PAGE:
Spike's fiercest behavior is reserved for anyone who interferes with Tyke, but also, Spike's generally well-intentioned brain is at times easily outwitted by Tom and/or Jerry. Jerry also arranges to get Tom in trouble with Spike, provoking a chase, and/or a pounding from the bulldog, and Spike will keep Tom's attention off Jerry for a while. Several stories also have Jerry taking advantage of Spike and Tyke's size and proximity, as he often tries to hide or sleep with or near Spike and Tyke for protection.

Early appearances

In his early appearance, Dog Trouble, Spike as an unnamed Bulldog is the main antagonist, chasing and attacking both Tom and Jerry on sight, even trying to eat Jerry, which forced the two to work together to defeat him. However, in his first appearance The Bodyguard, after Jerry willingly saved him from being poached, he became Jerry's protector whenever needed. In all subsequent shorts, Spike becomes typecast as the stereotypical dumb brute who is always duped into becoming a shield for Jerry from Tom. It is only in two episodes where Jerry gets Spike out of a jam and the dog willingly protects him from Tom in well-earned gratitude (The Bodyguard and Fit to Be Tied). On most occasions, Jerry causes trouble for Tom by luring him near Spike and harming him to get him angry, and in some cartoons when it's perfectly obvious that Tom is not responsible, as seen in The Invisible Mouse, Spike still blames Tom and hurts him instead of Jerry. Only on one occasion does Jerry fail to frame Tom, in Hic-Cup Pup where Tom unintentionally cures Spike and Tyke's hiccups, and Spike shakes Tom's hand.

Spike, however, is not without a softer and sympathetic side: in the episode Pet Peeve, after believing that Tom is willing to leave the house in Spike's favour, Spike feels sorry for him to the point that he offers to leave instead, which Spike does until he realises that Tom is only using reverse psychology to trick him into leaving. In The Truce Hurts, Spike is portrayed as a very intelligent and equilibrated character when he convinces Tom and Jerry to stop the fighting among the three of them and sign a Peace Treaty, but their newfound friendship comes to an end when they argue over how to share a big steak, symbolised when Spike tears the truce contract to shreds and they go back to fighting again after Tom accidentally threw the steak into the sewer drain. From the 1944 cartoon The Bodyguard to 1948 cartoon Heavenly Puss, he was voiced by Billy Bletcher. His first name is Bulldog in Dog Trouble, His name also varies in some shorts: in Puttin' on the Dog, Solid Serenade and Cat Fishin' he is named "Killer", and in The Truce Hurts he signs his name "Butch" on the treaty peace paper. He is also a Devil Dog in Heavenly Puss.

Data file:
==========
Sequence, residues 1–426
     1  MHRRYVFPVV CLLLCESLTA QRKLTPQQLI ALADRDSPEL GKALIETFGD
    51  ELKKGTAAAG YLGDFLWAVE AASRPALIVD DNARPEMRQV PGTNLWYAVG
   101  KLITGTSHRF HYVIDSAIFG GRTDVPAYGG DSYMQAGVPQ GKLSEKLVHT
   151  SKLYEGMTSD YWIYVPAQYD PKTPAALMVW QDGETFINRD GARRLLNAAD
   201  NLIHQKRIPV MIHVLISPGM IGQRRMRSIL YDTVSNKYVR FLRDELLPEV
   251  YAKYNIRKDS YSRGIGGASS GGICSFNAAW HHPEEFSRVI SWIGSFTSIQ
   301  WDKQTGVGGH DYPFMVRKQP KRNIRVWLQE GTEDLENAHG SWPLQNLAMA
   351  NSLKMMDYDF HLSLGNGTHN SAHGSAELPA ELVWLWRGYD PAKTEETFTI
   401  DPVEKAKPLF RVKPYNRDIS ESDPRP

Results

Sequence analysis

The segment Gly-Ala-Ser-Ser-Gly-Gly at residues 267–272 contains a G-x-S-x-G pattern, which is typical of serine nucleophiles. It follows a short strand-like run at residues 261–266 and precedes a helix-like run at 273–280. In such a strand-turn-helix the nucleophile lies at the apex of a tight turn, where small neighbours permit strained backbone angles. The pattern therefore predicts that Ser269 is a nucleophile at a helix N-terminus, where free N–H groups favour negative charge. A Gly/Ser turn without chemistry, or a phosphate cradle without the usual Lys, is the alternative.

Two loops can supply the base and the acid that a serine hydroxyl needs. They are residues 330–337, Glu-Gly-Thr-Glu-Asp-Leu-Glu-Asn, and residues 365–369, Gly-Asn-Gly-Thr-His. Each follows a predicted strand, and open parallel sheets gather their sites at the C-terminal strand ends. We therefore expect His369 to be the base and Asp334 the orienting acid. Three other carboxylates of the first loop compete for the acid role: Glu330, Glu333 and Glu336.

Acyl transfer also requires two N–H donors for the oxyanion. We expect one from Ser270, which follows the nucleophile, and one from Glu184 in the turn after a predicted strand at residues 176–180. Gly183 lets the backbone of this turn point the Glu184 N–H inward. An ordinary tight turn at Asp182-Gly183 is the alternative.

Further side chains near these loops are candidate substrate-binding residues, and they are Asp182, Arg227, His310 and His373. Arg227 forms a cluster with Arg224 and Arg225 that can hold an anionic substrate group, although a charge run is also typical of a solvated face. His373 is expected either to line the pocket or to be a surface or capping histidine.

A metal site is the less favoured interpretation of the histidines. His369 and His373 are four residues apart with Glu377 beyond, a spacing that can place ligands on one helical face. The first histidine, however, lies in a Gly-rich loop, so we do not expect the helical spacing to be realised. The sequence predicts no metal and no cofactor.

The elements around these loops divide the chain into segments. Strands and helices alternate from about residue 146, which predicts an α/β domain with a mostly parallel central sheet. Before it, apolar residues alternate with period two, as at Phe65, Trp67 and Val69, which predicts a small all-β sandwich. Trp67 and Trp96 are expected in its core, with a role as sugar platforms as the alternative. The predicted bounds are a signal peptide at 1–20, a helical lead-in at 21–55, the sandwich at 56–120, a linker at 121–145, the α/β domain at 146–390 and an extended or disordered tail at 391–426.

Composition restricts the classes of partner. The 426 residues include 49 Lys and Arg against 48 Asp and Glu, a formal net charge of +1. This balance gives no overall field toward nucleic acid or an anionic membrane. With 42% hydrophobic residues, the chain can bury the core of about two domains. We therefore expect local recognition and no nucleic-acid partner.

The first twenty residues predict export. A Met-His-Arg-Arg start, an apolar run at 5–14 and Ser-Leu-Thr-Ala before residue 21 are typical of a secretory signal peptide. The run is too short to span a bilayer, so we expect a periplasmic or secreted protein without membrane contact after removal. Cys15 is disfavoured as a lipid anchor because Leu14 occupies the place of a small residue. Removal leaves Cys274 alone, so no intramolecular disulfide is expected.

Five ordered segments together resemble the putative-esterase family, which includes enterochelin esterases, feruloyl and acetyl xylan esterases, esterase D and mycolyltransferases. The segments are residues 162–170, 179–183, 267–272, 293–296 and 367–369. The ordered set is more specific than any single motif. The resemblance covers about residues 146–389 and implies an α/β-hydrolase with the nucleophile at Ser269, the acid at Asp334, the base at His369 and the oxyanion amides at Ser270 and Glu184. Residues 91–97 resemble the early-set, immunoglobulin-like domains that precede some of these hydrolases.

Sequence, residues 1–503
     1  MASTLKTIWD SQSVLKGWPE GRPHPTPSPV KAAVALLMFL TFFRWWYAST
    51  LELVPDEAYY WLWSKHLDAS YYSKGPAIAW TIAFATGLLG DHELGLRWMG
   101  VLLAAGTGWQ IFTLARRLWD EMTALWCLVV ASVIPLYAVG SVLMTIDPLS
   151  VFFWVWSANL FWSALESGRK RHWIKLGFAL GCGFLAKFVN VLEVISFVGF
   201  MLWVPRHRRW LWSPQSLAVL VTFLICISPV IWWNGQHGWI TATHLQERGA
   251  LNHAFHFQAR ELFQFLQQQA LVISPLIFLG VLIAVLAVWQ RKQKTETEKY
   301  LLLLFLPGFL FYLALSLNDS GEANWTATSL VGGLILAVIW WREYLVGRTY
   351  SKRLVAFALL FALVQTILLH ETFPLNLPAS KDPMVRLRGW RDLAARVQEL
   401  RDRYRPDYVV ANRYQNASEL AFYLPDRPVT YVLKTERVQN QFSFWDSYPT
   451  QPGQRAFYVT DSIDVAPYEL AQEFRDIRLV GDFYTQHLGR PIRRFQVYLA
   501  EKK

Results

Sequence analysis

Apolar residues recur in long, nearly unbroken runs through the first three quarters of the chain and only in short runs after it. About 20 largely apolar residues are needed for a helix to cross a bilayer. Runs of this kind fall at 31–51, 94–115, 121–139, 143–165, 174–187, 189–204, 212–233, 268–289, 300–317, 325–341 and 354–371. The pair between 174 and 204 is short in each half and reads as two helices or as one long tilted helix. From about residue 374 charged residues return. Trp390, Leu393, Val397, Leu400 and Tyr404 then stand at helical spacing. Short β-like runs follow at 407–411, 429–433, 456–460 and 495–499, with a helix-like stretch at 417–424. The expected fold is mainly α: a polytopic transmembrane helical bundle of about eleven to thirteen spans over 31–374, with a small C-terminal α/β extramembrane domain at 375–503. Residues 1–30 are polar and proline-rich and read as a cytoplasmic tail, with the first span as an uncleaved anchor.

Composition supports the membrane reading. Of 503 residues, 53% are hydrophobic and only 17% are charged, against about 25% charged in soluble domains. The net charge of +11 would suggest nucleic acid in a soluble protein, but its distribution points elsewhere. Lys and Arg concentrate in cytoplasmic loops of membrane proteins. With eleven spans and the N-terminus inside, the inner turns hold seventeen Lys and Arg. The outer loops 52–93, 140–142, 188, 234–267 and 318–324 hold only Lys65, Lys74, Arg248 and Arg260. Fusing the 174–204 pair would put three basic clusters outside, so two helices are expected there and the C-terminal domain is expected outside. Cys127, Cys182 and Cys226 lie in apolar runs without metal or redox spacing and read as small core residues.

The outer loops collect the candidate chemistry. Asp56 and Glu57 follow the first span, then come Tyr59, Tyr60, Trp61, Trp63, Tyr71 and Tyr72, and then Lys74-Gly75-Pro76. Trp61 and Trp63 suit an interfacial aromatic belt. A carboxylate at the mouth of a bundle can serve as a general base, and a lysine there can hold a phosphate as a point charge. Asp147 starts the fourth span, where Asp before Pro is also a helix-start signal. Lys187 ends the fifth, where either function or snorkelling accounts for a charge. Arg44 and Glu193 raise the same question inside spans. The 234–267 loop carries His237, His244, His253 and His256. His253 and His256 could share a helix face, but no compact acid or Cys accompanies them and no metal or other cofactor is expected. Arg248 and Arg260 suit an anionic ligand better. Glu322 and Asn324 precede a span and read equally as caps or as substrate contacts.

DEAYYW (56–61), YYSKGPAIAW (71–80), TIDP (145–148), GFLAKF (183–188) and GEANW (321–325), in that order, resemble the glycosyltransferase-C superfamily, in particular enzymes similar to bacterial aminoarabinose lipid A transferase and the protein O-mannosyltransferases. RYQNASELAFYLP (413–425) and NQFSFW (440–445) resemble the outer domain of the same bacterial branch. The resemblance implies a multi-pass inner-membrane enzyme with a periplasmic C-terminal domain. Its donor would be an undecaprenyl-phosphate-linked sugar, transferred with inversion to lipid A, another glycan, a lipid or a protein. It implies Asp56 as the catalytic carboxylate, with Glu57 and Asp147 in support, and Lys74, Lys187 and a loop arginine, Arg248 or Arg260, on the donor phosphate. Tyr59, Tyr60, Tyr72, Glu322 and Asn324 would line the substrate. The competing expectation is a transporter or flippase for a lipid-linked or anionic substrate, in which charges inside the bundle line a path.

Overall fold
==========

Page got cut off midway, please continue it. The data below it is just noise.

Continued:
Spike's later years and Tyke's debut

In Tom's later attempts to catch Jerry, he has to deal with Spike for bothering his son. In 1949's Love That Pup, Spike was given a puppy son, Tyke, who became another popular supporting character in the Tom and Jerry cartoons. His voice was taken over by Daws Butler, who styled Spike's voice after Jimmy Durante taking after his 1940s radio series with Garry Moore. He is named Spike from then on and is not changed again. When Tyke is introduced, Spike is given a softer approach (mainly towards his son) and is kinder and less aggressive, but is still portrayed as a dumb animal on more than one occasion. Spike's love and affection towards Tyke becomes Jerry's newest weapon against Tom, as his strategy goes from luring Tom towards Spike to inflicting harm on Tyke, and even when it is perfectly obvious that Jerry is responsible and not Tom, as seen in Love That Pup. Spike fails to notice this and still blames Tom (although this can be partially due to Spike's dislike of Tom).